Right, charge is conserved. If all the resistors were different, would the current still be the same?
Which current? Certainly the current entering (or leaving) node A via the battery is the same as the current leaving (or entering) node D via the battery.

gneill said:
Which current? Certainly the current entering (or leaving) node A via the battery is the same as the current leaving (or entering) node D via the battery.
I see, so only currents through same resistors will have the same magnitude?

Sho Kano said:
I see, so only currents through same resistors will have the same magnitude?
Rephrase that as "The currents through the symmetrically paired resistors will be the same" and you would be right. Don't overspecify by saying "only". Some circuits may have resistors of different values that happen to have the same magnitude of current.

gneill said:
Rephrase that as "The currents through the symmetrically paired resistors will be the same" and you would be right. Don't overspecify by saying "only". Some circuits may have resistors of different values that happen to have the same magnitude of current.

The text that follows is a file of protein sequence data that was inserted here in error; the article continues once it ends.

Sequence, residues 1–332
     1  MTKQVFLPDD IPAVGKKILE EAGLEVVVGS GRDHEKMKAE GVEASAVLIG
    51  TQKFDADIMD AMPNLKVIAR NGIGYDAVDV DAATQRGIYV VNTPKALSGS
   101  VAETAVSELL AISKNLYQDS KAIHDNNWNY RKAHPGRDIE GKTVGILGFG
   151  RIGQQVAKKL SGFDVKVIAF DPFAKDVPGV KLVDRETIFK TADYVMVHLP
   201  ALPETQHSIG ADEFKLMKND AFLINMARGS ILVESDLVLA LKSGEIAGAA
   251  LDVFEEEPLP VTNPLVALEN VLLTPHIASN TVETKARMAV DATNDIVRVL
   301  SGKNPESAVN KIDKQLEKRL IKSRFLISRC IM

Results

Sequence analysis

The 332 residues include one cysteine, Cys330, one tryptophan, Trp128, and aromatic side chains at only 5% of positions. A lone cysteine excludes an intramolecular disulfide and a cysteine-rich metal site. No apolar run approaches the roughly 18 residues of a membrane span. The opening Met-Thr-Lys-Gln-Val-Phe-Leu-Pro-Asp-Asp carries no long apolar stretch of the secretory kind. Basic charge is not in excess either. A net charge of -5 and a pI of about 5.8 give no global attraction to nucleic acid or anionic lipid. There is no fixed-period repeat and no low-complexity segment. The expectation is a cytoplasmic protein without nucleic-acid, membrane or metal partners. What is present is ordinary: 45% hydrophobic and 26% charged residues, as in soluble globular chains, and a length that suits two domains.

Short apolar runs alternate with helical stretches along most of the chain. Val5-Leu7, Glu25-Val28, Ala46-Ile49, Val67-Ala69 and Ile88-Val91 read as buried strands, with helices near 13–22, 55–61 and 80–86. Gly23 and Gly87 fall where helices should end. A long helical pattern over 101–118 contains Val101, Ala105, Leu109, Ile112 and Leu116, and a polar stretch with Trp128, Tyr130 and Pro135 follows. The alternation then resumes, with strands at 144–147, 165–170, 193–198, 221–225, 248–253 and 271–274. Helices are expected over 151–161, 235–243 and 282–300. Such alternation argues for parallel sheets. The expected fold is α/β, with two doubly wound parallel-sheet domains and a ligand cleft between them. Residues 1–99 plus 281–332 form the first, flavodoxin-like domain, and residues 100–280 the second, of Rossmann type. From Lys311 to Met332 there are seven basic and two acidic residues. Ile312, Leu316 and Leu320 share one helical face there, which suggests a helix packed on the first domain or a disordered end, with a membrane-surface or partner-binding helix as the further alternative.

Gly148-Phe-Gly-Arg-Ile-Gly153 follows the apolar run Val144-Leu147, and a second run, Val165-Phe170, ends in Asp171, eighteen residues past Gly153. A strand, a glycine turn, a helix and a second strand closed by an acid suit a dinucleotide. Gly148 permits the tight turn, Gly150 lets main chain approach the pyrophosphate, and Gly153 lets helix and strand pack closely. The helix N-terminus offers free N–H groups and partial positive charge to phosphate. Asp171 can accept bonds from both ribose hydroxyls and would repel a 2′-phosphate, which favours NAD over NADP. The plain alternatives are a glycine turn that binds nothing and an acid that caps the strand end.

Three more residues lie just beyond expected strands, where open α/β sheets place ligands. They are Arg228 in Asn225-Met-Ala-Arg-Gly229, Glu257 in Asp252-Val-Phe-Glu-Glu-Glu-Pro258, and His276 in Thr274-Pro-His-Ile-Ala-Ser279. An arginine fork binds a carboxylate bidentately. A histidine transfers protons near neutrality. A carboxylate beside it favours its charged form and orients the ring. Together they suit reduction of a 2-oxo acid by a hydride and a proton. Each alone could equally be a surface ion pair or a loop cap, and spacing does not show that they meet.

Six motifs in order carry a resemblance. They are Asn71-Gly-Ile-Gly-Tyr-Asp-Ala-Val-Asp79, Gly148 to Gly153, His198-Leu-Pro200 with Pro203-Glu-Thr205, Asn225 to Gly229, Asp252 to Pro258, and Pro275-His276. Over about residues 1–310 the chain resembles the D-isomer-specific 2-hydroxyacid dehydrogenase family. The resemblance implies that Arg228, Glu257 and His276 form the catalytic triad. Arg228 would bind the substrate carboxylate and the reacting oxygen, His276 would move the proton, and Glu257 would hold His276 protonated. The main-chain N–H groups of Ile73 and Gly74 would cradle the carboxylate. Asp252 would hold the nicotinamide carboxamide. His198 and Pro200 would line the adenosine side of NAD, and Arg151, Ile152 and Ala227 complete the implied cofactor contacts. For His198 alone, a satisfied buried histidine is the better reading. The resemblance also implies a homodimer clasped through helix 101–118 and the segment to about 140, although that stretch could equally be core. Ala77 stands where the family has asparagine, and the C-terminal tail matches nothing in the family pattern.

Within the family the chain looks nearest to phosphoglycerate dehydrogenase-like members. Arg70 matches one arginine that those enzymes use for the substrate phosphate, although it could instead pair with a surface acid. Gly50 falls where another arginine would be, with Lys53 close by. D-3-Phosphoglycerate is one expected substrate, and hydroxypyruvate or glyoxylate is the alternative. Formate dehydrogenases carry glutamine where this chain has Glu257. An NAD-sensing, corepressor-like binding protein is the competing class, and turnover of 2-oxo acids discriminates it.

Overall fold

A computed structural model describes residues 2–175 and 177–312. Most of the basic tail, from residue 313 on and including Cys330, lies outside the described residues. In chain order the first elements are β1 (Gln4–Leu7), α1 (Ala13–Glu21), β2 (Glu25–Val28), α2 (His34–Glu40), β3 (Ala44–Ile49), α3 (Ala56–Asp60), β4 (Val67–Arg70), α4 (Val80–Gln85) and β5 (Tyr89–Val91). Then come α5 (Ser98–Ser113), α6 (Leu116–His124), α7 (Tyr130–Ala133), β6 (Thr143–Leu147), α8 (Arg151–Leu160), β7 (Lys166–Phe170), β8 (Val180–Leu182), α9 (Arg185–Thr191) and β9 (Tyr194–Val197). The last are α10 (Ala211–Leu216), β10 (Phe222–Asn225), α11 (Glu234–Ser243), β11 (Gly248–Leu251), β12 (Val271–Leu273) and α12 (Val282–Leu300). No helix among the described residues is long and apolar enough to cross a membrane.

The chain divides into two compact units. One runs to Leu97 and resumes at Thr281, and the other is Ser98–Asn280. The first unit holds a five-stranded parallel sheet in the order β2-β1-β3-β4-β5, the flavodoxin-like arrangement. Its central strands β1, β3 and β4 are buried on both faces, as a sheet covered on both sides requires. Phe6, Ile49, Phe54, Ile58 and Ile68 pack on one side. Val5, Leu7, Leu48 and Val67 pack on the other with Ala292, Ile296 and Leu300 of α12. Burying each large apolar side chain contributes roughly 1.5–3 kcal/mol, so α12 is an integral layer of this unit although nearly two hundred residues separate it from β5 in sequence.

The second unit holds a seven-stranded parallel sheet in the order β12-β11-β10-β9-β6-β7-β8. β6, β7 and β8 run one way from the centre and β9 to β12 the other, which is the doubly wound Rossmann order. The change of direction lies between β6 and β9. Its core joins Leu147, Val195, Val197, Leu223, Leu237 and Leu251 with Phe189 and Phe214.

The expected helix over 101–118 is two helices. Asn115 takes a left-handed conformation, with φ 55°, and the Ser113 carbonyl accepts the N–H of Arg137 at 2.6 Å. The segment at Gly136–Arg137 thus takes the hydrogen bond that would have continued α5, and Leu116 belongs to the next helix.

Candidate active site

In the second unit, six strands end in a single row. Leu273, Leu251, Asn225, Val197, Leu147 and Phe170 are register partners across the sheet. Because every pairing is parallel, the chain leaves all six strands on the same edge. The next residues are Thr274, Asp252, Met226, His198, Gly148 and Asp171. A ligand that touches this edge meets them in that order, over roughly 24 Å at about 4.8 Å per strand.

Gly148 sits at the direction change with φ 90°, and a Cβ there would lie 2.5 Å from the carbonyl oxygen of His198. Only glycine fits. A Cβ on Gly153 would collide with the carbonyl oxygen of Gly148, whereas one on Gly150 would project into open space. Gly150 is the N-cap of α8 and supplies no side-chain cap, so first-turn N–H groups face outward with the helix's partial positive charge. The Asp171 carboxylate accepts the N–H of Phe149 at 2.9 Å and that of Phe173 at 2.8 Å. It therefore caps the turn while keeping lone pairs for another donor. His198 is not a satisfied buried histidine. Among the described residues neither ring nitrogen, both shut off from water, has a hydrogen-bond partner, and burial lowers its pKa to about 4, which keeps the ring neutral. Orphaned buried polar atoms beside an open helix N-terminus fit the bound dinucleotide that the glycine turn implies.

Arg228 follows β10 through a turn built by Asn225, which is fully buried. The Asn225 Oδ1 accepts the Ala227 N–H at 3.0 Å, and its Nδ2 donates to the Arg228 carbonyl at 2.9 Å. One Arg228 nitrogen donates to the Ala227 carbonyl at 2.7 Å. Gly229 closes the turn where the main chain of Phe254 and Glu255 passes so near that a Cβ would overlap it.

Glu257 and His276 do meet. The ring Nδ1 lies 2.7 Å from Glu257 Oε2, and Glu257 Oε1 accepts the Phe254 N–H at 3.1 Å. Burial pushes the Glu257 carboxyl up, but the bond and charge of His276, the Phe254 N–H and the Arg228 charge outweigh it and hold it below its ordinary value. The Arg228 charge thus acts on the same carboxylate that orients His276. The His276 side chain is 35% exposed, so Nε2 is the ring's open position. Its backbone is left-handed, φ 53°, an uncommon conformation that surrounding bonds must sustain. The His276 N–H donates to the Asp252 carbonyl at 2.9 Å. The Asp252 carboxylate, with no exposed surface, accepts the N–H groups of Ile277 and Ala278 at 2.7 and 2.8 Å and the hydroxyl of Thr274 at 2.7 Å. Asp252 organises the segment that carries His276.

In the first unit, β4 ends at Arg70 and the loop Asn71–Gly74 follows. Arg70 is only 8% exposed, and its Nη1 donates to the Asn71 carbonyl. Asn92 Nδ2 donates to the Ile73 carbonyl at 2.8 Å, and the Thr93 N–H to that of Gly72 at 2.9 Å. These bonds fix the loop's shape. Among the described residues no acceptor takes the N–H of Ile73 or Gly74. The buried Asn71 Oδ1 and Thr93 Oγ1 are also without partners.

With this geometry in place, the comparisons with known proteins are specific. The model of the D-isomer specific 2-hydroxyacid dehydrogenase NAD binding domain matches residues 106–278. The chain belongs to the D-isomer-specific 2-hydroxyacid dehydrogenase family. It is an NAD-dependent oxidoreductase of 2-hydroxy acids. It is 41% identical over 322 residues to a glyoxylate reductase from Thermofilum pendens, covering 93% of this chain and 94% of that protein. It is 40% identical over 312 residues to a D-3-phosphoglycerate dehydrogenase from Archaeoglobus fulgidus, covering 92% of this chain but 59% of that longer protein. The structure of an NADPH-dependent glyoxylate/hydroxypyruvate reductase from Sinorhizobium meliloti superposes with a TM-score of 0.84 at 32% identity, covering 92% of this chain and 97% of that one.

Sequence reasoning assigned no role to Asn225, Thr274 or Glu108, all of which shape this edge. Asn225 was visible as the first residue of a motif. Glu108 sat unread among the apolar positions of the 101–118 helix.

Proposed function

The currents through the symmetrically paired resistors will be the same.
What if the resistors have different resistances?

Sho Kano said:
The currents through the symmetrically paired resistors will be the same.
What if the resistors have different resistances?
Will there still be the same symmetry?

Precisely which resistances will you change?

SammyS said:
Will there still be the same symmetry?

Precisely which resistances will you change?
In the un-rotated figure: top left resistor is R1 top right is R2. Bottom left is R3, bottom right is R4. The bridge resistor is R5.

Sho Kano said:
The currents through the symmetrically paired resistors will be the same.
What if the resistors have different resistances?
Then the currents will be affected. No more assumptions about one current being the same as another.